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I could trace the whole plan of the building and visited that part of it which had been Marnham’s room.  The iron safe that stood in the corner had been taken away, but the legs of the bedstead remained.  Also not far from it, over grown with running plants, was a little heap which I took to be the ashes of his desk, for bits of burnt wood protruded.  I grubbed among them with my foot and riding crop and presently came across the remains of a charred human skull.  Then I departed in a hurry.

My way took me through the Yellow-wood grove, past the horns of the blue wildebeeste which still lay there, past that mud-hole also into which Rodd had fallen dead.  Here, however, I made no more search, who had seen enough of bones.  To this day I do not know whether he still lies beneath the slimy ooze, or was removed and buried.

Also I saw the site of our wagon camp where the Basutos attacked us.  But I will have done with these reminiscences which induce melancholy, though really there is no reason why they should.

Tout lasse, tout casse, tout passe—­everything wears out, everything crumbles, everything vanishes—­in the words of the French proverb that my friend Sir Henry Curtis is so fond of quoting, that at last I wrote it down in my pocket-book, only to remember afterwards that when I was a boy I had heard it from the lips of an old scamp of a Frenchman, of the name of Leblanc, who once gave me and another lessons in the Gallic tongue.  But of him I have already written in Marie, which is the first chapter in the Book of the fall of the Zulus.  That headed Child of Storm is the second.  These pages form the third and last.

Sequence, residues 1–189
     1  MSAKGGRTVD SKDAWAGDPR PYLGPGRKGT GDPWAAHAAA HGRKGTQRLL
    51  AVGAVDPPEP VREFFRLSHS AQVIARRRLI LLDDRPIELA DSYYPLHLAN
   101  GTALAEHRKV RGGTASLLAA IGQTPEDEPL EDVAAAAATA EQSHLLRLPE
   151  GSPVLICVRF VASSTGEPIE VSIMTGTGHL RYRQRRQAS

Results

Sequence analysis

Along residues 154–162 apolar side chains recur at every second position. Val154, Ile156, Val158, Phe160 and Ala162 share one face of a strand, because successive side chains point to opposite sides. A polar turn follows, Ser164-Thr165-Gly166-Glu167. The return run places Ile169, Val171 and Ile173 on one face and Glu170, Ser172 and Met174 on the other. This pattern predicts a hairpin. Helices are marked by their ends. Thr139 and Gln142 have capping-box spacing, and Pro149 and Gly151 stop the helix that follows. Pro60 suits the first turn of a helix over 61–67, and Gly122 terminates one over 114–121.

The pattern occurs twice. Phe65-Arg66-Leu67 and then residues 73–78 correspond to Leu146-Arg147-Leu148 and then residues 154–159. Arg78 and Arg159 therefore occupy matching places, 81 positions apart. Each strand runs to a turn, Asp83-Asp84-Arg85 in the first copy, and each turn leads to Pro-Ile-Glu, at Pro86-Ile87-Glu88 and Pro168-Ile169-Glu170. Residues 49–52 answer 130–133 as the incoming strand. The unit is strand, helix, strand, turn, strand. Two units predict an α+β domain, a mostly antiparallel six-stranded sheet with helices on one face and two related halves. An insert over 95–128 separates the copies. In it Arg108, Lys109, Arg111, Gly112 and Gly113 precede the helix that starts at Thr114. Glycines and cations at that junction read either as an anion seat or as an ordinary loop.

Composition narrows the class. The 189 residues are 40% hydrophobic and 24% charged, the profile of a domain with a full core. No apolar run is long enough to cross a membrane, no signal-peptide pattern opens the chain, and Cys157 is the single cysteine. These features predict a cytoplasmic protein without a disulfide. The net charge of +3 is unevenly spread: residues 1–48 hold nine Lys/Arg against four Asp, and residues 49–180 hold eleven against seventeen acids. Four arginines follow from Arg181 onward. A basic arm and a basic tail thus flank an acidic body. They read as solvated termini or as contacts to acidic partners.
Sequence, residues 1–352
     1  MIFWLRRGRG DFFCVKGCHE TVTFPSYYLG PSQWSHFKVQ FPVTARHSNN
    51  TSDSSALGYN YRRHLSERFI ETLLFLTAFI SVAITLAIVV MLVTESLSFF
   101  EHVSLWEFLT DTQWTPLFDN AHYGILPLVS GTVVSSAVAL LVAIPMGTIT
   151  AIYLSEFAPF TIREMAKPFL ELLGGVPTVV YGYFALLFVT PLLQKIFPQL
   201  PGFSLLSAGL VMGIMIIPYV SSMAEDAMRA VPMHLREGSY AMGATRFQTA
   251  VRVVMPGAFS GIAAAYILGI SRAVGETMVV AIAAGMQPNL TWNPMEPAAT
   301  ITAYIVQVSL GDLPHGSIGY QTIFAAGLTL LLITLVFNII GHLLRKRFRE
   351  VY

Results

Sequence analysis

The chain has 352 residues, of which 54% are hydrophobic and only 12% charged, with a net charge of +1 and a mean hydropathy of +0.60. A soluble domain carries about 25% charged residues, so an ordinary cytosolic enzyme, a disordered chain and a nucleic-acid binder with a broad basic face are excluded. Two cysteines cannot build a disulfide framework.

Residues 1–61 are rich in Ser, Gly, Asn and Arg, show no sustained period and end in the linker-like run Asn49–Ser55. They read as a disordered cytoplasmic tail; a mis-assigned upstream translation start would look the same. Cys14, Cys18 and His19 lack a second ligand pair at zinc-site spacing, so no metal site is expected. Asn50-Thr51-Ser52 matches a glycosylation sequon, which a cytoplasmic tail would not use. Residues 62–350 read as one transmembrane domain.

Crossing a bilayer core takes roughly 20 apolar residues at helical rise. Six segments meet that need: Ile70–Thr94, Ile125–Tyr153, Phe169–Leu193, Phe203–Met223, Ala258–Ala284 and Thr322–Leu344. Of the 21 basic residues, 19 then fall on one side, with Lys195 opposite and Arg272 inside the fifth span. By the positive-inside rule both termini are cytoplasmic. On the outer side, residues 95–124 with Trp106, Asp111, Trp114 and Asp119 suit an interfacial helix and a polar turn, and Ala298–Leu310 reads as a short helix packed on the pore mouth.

Ah! indeed, tout lasse, tout casse, tout passe!

CHAPTER XXIII

THE KRAAL JAZI

Now I shall pass over all the Zulu record of the next four years, since after all it has nothing to do with my tale and I do not pretend to be writing a history.

Sir Garnet Wolseley set up his Kilkenny cat Government in Zululand, or the Home Government did it for him, I do not know which.  In place of one king, thirteen chiefs were erected who got to work to cut the throats of each other and of the people.

As I expected would be the case, Zikali informed the military authorities of the secret hiding-place in the Ingome Forest where he suggested to Cetewayo that he should refuge.  The ex-king was duly captured there and taken first to the Cape and then to England, where, after the disgrace of poor Sir Bartle Frere, an agitation had been set on foot on his behalf.  Here he saw the Queen and her ministers, once more conquering, as it had been prophesied that he would by her who wore the shape of Mameena at the memorable scene in the Valley of Bones when I was present.  Often I have thought of him dressed in a black coat and seated in that villa in Melbury Road in the suburb

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